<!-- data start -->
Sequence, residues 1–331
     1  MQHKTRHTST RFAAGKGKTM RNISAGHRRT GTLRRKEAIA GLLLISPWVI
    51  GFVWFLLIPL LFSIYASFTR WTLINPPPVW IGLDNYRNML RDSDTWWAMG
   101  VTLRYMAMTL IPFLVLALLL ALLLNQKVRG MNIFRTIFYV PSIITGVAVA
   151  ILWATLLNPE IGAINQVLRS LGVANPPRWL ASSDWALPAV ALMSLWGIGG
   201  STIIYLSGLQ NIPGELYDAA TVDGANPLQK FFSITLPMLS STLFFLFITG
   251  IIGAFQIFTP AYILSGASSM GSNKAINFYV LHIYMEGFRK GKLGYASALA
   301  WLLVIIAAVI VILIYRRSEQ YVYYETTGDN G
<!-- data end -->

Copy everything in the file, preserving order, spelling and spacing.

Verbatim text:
Sequence, residues 1–331
     1  MQHKTRHTST RFAAGKGKTM RNISAGHRRT GTLRRKEAIA GLLLISPWVI
    51  GFVWFLLIPL LFSIYASFTR WTLINPPPVW IGLDNYRNML RDSDTWWAMG
   101  VTLRYMAMTL IPFLVLALLL ALLLNQKVRG MNIFRTIFYV PSIITGVAVA
   151  ILWATLLNPE IGAINQVLRS LGVANPPRWL ASSDWALPAV ALMSLWGIGG
   201  STIIYLSGLQ NIPGELYDAA TVDGANPLQK FFSITLPMLS STLFFLFITG
   251  IIGAFQIFTP AYILSGASSM GSNKAINFYV LHIYMEGFRK GKLGYASALA
   301  WLLVIIAAVI VILIYRRSEQ YVYYETTGDN G